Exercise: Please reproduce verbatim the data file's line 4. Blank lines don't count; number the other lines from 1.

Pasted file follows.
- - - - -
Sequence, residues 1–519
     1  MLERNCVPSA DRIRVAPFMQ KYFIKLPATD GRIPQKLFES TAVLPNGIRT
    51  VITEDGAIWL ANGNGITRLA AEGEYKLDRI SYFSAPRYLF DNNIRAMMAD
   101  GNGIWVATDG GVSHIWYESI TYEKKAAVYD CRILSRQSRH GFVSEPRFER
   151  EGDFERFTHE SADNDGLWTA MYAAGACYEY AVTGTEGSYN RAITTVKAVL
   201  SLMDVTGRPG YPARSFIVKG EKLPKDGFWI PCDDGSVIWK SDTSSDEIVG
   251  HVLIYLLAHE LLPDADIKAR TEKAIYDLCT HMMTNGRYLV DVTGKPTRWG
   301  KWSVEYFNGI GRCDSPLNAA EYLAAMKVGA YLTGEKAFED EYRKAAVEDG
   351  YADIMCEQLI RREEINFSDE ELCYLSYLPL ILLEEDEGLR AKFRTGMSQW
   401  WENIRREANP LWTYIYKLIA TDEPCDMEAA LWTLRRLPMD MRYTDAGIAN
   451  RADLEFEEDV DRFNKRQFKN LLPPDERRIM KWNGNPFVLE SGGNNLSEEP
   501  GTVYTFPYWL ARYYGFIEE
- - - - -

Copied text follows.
   101  GNGIWVATDG GVSHIWYESI TYEKKAAVYD CRILSRQSRH GFVSEPRFER